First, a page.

Posts Tagged ‘Australian Open


Raonic will face the winner of the Hewitt/Roddick match.

Canadian Milos Raonic is trying to start the new season even better than he did a year ago. The No.23 seed had his work cut out for him on Thursday, working his way past Philipp Petzschner 6-4 5-7 6-2 7-5 on Show Court 3. It was in Australia that Raonic qualified for the main draw last year before making a tear to the fourth round, breaking through for the first time at a slam and making tennis enthusiasts take notice. In 2012, he already has a title to his name and booked his place in the third round with the four-set, nearly three-hour win. Raonic made an impressive start to 2012 by winning the ATP stop in Chennai where he beat Top 10 players Nicolas Almagro and Janko Tipsarevic on his way to his second career title. He also won in San Jose in 2011. Thursday morning he and Petzschner, the German ranked No.63, locked horns into the early afternoon. Raonic used a break in the first game of the match to secure the first set 6-4, his serve ticking along just fine, bolstered by his forehand. Raonic won the set when he served out wide to Petzschner, then clocked a forehand winner crosscourt to take the set. But Petzschner worked his way into the match in the second, frustrating the Canadian by bringing him into net and often passing him or forcing an error. Petzschner, an accomplished doubles player, used a drop volley winner to take a 2-1 lead. “I was struggling a little bit, I don’t know why,” Raonic said. “He started well and just put a lot more pressure on me.” It was in the tenth game of the second set that Petzschner was really able to put pressure on the Raonic serve. He held three set points at 0-40 only to watch Raonic rocket three service winners at him. At 5-6, however, Raonic made a series of errors, including a backhand long when Petzschner rushed the net, giving the 27-year-old German the set, 7-5.

Petzschner fought off a break point in the fifth game of the fourth set before Raonic had to dig out of another 0-40 hole in game eight. The seeded player looked destined to close out the match when he broke in the next game, running down a drop shot to flick a spectacular crosscourt winner before forcing Petzschner into a half-volley error. But Raonic couldn’t serve it out at 5-4 in the fourth, needing to break Petzschner for the second time in as many games and the fifth time in the match in game 12. He won the tie just short of the three-hour mark when Petzschner batted a forehand long. “I know he can play really well,” Raonic explained. “My goal was really just to stick with him [until] I get my opportunities.” Raonic’s big serve provided plenty of opportunities, clocking at 225 KMH at one point in the match. Raonic bashed 15 aces to Petzschner’s 10. The two men seemingly traded stats: Raonic hit 43 winners to Petzschner’s 43 unforced errors. The German hit 37 winners to Raonic’s 38 unforced errors.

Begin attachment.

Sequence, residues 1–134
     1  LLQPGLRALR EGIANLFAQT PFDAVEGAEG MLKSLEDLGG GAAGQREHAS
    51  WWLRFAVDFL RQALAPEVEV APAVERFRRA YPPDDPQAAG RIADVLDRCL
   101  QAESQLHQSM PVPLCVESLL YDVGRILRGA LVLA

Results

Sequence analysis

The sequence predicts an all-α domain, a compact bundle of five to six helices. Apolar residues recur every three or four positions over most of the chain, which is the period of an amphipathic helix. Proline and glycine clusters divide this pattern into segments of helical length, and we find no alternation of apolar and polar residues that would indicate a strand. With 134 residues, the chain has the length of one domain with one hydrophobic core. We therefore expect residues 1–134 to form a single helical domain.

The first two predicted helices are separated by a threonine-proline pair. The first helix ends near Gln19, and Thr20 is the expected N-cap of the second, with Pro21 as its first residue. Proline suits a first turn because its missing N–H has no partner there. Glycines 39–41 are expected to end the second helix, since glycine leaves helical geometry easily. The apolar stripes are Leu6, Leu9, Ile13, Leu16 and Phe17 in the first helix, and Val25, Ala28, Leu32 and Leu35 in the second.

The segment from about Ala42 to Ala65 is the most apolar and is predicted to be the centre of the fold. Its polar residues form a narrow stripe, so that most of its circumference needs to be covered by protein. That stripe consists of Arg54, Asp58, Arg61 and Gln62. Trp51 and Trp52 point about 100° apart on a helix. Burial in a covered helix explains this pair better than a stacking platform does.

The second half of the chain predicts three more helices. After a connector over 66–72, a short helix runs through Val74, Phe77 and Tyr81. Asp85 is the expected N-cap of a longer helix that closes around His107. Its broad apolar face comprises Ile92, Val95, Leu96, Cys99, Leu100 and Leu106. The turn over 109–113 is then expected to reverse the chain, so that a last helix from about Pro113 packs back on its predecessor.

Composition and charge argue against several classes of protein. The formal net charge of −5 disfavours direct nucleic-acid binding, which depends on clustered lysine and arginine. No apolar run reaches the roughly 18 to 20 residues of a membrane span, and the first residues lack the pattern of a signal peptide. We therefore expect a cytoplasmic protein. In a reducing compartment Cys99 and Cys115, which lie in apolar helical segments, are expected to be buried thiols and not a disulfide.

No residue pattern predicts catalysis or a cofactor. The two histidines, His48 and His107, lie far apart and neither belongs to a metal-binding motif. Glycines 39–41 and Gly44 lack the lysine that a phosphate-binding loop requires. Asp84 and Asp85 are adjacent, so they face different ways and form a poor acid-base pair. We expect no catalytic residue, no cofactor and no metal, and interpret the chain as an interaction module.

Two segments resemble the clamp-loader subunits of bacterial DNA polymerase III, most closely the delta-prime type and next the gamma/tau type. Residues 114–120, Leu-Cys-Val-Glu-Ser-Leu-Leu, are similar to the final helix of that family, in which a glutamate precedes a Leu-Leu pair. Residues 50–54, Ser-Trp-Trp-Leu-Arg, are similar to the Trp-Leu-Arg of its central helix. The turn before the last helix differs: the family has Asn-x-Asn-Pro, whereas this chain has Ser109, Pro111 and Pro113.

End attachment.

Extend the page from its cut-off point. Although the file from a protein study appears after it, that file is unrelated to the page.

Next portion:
He is a name that many are keeping their eye on after he raced through the Chennai draw and seemed to have a special place in his heart for the courts at Melbourne. Counting his wins in qualifying he is 8-1 over the last two years here. But Raonic’s early success in 2011 wasn’t for nothing. He was named the tour’s Newcomer of the Year and reaching a career-high ranking of No.25 after starting the year No.152.








99 of the world’s top 100 men and women all confirmed for the 2012 Australian Open.

Novak Djokovic will be determined to defend his title and maintain his world No.1 position, while Roger Federer’s year-end win in London sees him eyeing off a sixth Australian Open title and the honour of becoming the tournament’s 100th men’s singles champion. Rafael Nadal will put his disappointing 2011 season behind him and Andy Murray, twice a finalist in Melbourne, is desperate for a Grand Slam breakthrough.

Australia’s own US Open champion Sam Stosur leads a new generation of Grand Slam winners in contention for the Daphne Akhurst Memorial Cup. Wimbledon champion Petra Kvitova, and French Open winner Li Na will be joined by defending champion Kim Clijsters and five-time AO winner Serena Williams, both returning from injury. World No.1 Caroline Wozniacki is still in the hunt for her maiden Grand Slam, while former champion Maria Sharapova is showing all the signs of returning to winning form. Only world No.13 Robin Soderling and No.69 Alisa Kleybanova, both currently battling illness, are missing from the ranks.

The 104 direct acceptances into the men’s draw include Tommy Haas, Fernando Gonzalez, Benjamin Becker and Paul-Henri Mathieu, all of whom used their injury protected rankings. The women’s draw includes 108 direct acceptances, with Timea Bacsinszky and Anna Chakvetadze both using protected rankings as they return from injury. Venus Williams, currently ranked 105, has also made the cut. Williams hasn’t played since withdrawing from her second-round US Open match after being diagnosed with autoimmune disease Sjögren’s Syndrome.